An Unusual Valentine

Saint Valentine, who lived in the late 3rd century A.D., was a Christian martyr killed during the reign of Emperor Claudius. Although he has long been considered the patron saint of lovers, the custom of sending valentines on his feast day (February 14) is not connected to the saint. The ancient Romans observed a festival (Lupercalia) that occurred at the same time as Saint Valentine’s feast day. For this festival, that honored a pastoral god, the Romans sent anonymously missives that were sentimental or ludicrous.

Photo of Eloise Lane

Eloise Lane

In the late Middle Ages, there was a belief that birds began to mate on February 14. This notion probably suggested that lovers should exchange messages and gifts on that date. At one time it was the custom for young people of both sexes to meet on the eve of Saint Valentine’s Day. Each person drew a name of the opposite sex from a number of names placed in a common receptacle. Each gentleman got a lady for his valentine and he became the valentine of a lady. The gentlemen remained bound to the services of their valentines for a year.

After postal systems were organized, the practice of mailing homemade valen- tine messages became common. The greeting card industry in the United States now prints millions of valentines each year. These are usually in verse form and ten- der in nature, but sometimes comic and coarse. Present day valentines are associated with lace-trimmed red hearts, flowers and chocolate candy, but the White Deer Land Museum has on display a valentine which shows none of these objects. It is the valentine that Phillip Claude Ledrick had made for Fannie May White in 1896.

Claude Ledrick and his brother, Lee Ledrick, were the sons of Henry Ledrick and Amanda Jane “Jenny” (Lard) Ledrick. The family came from Young County to Roberts County in 1886 and established the Ledrick Ranch on a league of school land located on Chicken Creek. (State Highway 70 runs through the Ledrick Ranch.) Although many Indians still roamed the country at that time, the Ledricks got along well with them. Fannie White, daughter of Isaac White and Elizabeth Doherty) White, was born in 1878 near Abilene, Kansas.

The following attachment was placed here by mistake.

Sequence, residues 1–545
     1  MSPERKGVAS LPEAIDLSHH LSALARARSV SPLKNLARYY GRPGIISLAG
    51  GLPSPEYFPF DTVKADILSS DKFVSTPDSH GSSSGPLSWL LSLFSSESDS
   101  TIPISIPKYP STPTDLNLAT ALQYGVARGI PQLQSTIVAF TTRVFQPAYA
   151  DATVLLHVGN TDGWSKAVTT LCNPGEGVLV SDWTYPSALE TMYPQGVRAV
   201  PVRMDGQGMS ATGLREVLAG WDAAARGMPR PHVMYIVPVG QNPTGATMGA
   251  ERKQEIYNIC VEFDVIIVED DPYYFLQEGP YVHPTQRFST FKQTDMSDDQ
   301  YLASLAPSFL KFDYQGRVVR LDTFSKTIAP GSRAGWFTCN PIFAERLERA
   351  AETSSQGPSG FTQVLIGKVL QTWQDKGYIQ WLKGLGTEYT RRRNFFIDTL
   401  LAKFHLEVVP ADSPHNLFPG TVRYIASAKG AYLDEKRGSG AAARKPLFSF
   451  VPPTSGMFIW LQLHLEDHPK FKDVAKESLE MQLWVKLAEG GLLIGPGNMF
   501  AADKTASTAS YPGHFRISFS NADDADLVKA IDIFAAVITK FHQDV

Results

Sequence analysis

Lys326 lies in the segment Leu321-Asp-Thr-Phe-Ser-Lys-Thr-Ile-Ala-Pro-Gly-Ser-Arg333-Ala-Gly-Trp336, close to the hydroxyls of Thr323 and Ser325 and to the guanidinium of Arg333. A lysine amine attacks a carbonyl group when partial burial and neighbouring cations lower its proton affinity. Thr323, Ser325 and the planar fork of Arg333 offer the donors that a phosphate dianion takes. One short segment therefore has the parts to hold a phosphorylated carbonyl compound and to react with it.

The Isaac White family came to Roberts County in 1888 and settled on Wolf Creek. Claude Ledrick and Fannie White were married in 1901. For several years they lived on the Ledrick Ranch, but in 1907 they moved to Pampa and built a home at 421 East Kingsmill. They had no children. Claude continued to ranch, but both he and his brother, Lee, took part in Pampa’s growth and became directors of Gray County State Bank. Claude (P. C.) Ledrick was on the school board when the tan brick school building was constructed at 126 West Francis. Mrs. P. C. Ledrick was a charter member of El Progresso, a study club organized in 1923. Claude Ledrick died in 1943 and Fannie White Ledrick died in 1959.

Over 200 Articles, written by Eloise Lane, were published in the Pampa News. These articles may be accessed by clicking on each section below. A list of articles will be revealed that are linked to a page containing the text of the article.

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